Home » Crypto regulation can be advanced by collapse of Celsius Network

Crypto regulation can be advanced by collapse of Celsius Network

by LLT Editor
27th Jul 22 9:44 am

Regulation has proven to be a polarising subject within the crypto sphere ever since the industry’s sudden ascent to notoriety. While regulation has the potential to protect long-term investors and promote the widespread use of digital currencies, others argue that regulation contradicts the inherent purpose of crypto, citing its decentralised nature as the industry’s main attraction.

Crypto regulation has been thrown further into the spotlight as a result of the sudden capitulation of Celsius Network. The exchange had emerged as a key player in the crypto space but halted withdrawals in June, citing “extreme market conditions”. The move caused chaos, with sellers dumping crypto assets and Bitcoin plummeting to a 17-month low.

According to Jesse Brown, CEO of Himalaya Exchange, regulation will be important in identifying lenders and coins which are over-collateralised, and transparency will be a crucial part of crypto’s acceptance into the global financial ecosystem.

Jesse explained: “It’s important that the cryptoindustry learns its lesson from the recent crash– I’m sure the 1.7 million Celsius customers who lost money have first hand experience. The issue is that Celsius was never really decentralised. They froze their assets and they had a structured team of lawyers in place; these aren’t the actions of a decentralised player in the crypto space.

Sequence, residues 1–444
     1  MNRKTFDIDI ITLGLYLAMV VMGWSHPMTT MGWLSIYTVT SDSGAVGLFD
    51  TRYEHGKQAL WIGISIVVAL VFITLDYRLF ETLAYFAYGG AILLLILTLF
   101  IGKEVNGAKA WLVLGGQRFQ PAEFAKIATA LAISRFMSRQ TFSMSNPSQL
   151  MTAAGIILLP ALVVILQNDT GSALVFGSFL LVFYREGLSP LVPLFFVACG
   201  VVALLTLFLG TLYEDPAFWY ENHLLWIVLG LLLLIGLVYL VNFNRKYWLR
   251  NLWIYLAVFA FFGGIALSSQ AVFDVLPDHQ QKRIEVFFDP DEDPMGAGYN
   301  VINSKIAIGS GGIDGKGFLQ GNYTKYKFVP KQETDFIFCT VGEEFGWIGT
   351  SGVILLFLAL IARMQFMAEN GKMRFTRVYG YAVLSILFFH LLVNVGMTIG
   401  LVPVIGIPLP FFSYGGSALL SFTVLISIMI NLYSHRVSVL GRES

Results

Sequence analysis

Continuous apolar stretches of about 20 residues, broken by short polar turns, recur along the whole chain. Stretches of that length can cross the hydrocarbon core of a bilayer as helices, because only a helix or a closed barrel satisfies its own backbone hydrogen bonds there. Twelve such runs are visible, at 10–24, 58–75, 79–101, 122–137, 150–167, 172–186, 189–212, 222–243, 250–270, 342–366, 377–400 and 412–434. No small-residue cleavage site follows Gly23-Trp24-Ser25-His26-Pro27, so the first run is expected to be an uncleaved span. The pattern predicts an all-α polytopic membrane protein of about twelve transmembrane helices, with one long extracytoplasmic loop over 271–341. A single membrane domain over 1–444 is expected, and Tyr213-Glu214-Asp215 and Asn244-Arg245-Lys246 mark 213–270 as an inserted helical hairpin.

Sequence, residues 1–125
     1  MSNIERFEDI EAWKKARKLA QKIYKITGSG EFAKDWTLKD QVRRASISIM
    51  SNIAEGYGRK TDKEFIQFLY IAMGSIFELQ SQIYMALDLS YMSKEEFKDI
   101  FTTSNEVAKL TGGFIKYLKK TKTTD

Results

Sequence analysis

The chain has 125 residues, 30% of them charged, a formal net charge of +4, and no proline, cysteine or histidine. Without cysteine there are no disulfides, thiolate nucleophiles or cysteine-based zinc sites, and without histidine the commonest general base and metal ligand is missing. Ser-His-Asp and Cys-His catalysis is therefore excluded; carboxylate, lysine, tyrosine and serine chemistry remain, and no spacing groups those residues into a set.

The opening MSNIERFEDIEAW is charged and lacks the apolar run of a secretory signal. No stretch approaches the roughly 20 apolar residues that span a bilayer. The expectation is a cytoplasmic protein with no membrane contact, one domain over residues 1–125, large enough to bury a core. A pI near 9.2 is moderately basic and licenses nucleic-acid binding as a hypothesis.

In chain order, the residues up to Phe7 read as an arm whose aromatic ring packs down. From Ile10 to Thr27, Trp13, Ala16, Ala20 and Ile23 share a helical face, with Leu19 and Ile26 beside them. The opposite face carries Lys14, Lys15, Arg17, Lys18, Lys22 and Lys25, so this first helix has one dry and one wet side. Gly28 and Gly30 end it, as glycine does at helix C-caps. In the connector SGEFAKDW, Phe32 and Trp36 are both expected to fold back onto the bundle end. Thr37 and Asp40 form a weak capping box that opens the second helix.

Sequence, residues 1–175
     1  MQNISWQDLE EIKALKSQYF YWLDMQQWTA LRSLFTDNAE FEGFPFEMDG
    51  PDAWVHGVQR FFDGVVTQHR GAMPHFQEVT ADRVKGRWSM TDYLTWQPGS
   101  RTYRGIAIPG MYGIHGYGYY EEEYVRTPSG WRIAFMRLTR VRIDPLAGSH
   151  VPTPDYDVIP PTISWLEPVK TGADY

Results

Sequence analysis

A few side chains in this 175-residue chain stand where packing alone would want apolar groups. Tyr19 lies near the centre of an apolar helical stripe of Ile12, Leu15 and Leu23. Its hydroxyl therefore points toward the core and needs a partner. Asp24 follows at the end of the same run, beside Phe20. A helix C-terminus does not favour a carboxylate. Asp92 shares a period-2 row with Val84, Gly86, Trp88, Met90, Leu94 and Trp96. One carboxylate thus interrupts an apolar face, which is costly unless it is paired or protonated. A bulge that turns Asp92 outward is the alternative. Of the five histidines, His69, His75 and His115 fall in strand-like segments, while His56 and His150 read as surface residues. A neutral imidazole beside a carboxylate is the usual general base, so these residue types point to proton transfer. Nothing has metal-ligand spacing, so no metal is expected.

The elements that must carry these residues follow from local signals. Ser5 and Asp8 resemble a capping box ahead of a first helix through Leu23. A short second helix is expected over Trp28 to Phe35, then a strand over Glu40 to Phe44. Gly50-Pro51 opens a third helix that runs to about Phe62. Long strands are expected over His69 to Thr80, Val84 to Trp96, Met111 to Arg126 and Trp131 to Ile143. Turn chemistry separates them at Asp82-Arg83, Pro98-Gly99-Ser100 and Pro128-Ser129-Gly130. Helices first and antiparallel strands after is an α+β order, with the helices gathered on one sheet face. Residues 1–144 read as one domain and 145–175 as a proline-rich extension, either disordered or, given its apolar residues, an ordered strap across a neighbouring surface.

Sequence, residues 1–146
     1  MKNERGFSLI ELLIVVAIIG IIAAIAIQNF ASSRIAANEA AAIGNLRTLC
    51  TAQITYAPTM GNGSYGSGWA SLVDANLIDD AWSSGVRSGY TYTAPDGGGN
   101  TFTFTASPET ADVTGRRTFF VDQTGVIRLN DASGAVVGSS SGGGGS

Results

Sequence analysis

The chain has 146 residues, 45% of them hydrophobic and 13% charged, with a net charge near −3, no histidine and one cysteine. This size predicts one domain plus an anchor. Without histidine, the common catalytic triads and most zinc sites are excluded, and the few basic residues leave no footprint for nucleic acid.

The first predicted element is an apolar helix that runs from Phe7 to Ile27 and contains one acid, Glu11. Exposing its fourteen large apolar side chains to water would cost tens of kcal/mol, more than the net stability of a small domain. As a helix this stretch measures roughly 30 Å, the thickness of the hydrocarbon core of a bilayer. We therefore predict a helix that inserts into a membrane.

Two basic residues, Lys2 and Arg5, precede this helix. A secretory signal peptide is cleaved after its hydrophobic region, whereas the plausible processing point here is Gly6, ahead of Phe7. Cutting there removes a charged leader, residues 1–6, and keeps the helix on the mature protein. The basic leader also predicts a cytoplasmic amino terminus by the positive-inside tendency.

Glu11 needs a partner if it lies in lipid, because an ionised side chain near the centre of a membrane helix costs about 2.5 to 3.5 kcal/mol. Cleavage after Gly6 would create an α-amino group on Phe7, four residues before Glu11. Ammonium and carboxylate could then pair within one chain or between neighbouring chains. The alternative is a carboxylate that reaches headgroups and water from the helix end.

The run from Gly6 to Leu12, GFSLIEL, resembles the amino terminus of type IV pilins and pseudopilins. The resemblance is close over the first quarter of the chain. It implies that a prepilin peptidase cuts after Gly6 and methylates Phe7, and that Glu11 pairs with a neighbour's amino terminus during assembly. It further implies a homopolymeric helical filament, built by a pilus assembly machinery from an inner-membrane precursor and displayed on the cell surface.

“Celsius was masquerading as a DeFi institution but bore more similarities to a commercial organisation. When this is the case, we need to start treating crypto banks in the same way as traditional banks, which means mandated capital requirements, proper stress testing and systemic risk evaluations.”

Jesse continued: “Transparency lies at the heart of the crypto conundrum, and this is the industry’s clearest pathway to mainstream acceptance. This comes down to what’s called real-time attestations, where organisations prove that they are not over-collateralised and show their accounting in real time.

“For example, I would have liked to have known what Celsius’ reserves were, what was backing their loans. This is how we can ensure liquidity for all decentralised platforms and prevent a repeat of the Celsius crash.”

Jesse added: “Some exchanges have gone too far when promoting coins and we need to get away from that mentality. Moving forward, I’d like to see crypto emulating what traditional finance does when conducting an IPO.

“IPOs are heavily regulated, so there’s only so much you can do marketing-wise and only so much you can say to investors. If this approach was adopted when launching a coin, it would go a long way to building back the trust that was lost in the latest crash.”

Jesse concluded: “The key is putting enough regulation in place to win back trust, but maintaining just enough anonymity and privacy protections to appease the members of the cryptocommunity who oppose regulation. 

“Hopefully regulatory bodies have learned a valuable lesson from this latest crash and their efforts to sure up the market will accelerate. In an industry where so much money can be wiped out in the space of a few days, investors need to be protected– there’s no question about it.”

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